Though I can’t remember the name of the town or ruins I was going to visit, the journey is imprinted in my memory.
This was my first time travelling alone, rough going, negotiating local buses and staying in the most basic
I dressed carefully in clothes I imagined would preserve my modesty and allow me to roam Turkey unnoticed. I don’t suppose my flowing hippy skirts and baggy tops fooled anyone.
I was travelling alone, not only a single white female in a Muslim country but a very young (early twenties) and naive one. My survival strategy was to keep moving, concentrate on seeing the sights and keep my bedroom door locked at night.
There were no other travelers on my route so it was lonely at times, occasionally scary for someone who’s been frequently flashed at, but not unpleasant. Though the food was revolting, the company non-existent and the bedding grey and bobbled, I enjoyed the adventure, the sense of really doing something different and new.
As well as seeing the most famous tourist attractions in Turkey like the Blue Mosque in Istanbul and the ruins of Ephesus I planned to visit obscure landmarks that few tourists visited.
So somewhere on the West coast of Turkey, possibly around Canakkale, I had an overnight stop to visit what could possibly have been the Doric Temple of Athena built in 530 BC.
Whatever the name of the ruin it was perched on top of a mountain outside town not served by public transport. But I had young, strong legs and nothing else to do so I planned to walk there.
But I underestimated both the distance and the temperature.
The trip out of town to the base of the mountain took me long enough and as I started following the road up the foot of the mountain the summer heat began to rise. Soon I was puffed out and sweating, ready to give up on my mission and go back to my room for a rest.
So when I heard a vehicle behind me I knew what to do. No stranger to hitchiking and well aware that it could be a silly travel mistake I didn’t care. It was me against the mountain and the mountain was winning. I’d come a long way to see that ruin and it was ruining me. Now I could see a way to win.
I looked behind me and stuck my thumb out at the Turkish fire truck that was coming towards me. At first it seemed as if the firefighters weren’t going to stop but they ground to a halt a few hundred meters up the road.
I ran towards them and approached the passenger door. The firefighting driver and his sidekick peered out. They were dressed in full firefighting uniform with big boots and black hats.
“Please can you give me a ride to the top?” I asked politely.
They nodded enthusiastically and jerked their head towards the back of the fire truck. Confused I looked back.
The firefighters didn’t speak English and I could only say a few words in Turkish. There weren’t any other doors in the firetruck so I wasn’t sure where I was supposed to sit.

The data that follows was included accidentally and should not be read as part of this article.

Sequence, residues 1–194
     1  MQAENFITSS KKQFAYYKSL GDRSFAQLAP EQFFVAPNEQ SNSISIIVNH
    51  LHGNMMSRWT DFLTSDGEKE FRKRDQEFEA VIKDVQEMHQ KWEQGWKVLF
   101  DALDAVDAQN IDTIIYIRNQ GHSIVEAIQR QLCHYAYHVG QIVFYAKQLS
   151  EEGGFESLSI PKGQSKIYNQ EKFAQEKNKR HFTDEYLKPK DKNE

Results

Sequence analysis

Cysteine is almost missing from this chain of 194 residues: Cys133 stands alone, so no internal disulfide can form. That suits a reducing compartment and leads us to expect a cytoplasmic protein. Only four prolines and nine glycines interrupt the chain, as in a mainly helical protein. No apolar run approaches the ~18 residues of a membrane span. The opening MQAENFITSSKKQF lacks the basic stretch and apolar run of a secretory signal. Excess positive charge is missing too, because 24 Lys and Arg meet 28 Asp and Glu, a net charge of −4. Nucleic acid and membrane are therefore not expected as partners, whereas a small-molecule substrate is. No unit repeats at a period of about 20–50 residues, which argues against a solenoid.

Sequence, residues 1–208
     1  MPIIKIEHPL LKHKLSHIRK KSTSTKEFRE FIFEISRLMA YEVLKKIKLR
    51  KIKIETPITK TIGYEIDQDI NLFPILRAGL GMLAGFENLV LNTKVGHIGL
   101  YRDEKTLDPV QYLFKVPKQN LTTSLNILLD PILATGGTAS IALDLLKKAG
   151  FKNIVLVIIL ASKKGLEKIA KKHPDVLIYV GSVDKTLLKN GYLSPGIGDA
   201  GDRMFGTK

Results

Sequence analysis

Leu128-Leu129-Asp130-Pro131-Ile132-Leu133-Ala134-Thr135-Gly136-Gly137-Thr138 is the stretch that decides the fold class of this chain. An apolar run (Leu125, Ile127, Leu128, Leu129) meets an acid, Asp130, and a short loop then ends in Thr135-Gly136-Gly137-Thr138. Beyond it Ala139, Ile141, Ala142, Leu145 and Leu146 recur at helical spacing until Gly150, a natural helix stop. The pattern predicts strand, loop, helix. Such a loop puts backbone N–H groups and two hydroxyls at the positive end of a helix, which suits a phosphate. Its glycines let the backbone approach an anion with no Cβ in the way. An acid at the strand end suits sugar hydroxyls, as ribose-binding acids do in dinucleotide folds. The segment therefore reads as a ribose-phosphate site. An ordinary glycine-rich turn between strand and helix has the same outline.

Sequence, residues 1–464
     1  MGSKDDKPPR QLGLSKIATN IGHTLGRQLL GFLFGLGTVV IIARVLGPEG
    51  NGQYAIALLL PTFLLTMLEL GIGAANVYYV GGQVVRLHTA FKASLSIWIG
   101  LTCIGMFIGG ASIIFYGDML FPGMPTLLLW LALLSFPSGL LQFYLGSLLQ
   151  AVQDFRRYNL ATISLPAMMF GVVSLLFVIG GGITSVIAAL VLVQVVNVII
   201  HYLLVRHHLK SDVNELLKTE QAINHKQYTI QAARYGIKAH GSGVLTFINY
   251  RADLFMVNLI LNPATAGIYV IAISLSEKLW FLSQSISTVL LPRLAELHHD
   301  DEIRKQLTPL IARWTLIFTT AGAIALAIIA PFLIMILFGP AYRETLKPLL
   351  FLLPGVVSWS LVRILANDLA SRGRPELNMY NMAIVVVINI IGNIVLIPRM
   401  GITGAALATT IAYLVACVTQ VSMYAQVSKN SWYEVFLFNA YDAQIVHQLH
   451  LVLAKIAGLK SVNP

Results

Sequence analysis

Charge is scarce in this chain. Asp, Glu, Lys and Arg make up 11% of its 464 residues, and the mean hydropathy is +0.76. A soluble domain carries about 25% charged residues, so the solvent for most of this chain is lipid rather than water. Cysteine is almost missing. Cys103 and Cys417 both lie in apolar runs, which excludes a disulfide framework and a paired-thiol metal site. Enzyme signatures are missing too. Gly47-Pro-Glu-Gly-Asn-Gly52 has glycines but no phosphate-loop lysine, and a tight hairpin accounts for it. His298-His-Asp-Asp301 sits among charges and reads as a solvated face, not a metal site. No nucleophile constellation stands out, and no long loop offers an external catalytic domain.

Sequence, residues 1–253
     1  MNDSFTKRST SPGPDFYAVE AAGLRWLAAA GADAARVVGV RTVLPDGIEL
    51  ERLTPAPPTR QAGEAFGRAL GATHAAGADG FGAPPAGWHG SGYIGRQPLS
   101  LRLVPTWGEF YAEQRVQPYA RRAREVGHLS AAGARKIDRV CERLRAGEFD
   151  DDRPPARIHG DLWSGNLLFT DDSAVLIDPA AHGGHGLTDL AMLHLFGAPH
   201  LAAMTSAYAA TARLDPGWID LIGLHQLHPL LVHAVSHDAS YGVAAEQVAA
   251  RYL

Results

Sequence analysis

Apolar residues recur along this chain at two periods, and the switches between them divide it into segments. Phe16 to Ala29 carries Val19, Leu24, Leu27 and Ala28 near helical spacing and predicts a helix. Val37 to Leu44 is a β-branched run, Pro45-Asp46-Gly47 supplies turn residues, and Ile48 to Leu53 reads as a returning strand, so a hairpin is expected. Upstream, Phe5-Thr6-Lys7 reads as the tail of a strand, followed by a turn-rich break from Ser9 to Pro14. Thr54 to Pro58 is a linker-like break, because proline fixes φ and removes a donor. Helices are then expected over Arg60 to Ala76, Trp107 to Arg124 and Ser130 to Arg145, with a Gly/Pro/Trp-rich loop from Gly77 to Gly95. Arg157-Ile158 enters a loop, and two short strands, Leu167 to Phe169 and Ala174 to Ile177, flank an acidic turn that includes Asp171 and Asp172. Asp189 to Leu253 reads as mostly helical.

The sun crept higher and they motioned again towards the back of the truck, miming that I should climb on the back and hang on.
Having been a huge fan of Trumpton, a popular British children’s TV show about firefighters from the seventies I suddenly realised what they wanted me to do. They wanted me to stand on the back of the truck and hang onto the pole while they drove up the mountain.
What fun, what an adventure! It was a dream come true until we set off.
But first I positioned my too big feet on the back step on the left of the firetruck and held onto the metal pole with both hands. Then I gave a smile and nod to the passenger who was watching me in the wing mirror.
These guys were trained professional, brave firefighters no less, who saved people’s lives. I was grateful to experience the kindness of strangers. I felt safe with them. That as my first mistake.
My second mistake was to stand on the left of the truck on the outside of the road because we were soon careering up a mountain pass at speed with me dangling over the edge.
I hung on for dear life, my hands sweating profusely and slipping against the metal, palms slick with the lethal combination of heat and terror. Right next to me the mountain fell away precipitously. If I fell off the firetruck I’d fall right down the mountain.
My face was etched with concentration and fear as I struggled to stay on. Walking in the hot sun would have been so much easier.
Meanwhile the firefighter passenger watched me happily in the side mirror, laughing in mirth. I silently cursed them and their cruel tricks disguised as kindness. Then I cursed myself for my laziness and wished I’d walked.
When finally we reached the top and the firetruck ground to a halt I stepped off gingerly, wiping my hands on my skirt and ready to kiss the ground such was my relief at having survived the journey.
I thanked the firefighters politely, even though they’d given me the most terrifying journey of my life, and wandered round the ruins aimlessly, barely noticing the view or the ancient ruins. I was alive and that was all that really mattered.
When I’d fully recovered I waited until the firetruck left and found someone else to give me a lift back down. As long as I was in a car and not dangling off the side of a vehicle I figured I’d be safe.
It wasn’t fun at the time but hhitchhiking a ride on the back of a firetruck hanging on to the fireman’s pole makes a funny travel story. They probably don’t even let firemen ride like that in most countries.
But I did it. I hitched a lift on a Turkish firetruck and hung onto the fireman’s pole for dear life. It’s a unique travel memory and the kind of crazy experience that makes me want to travel more.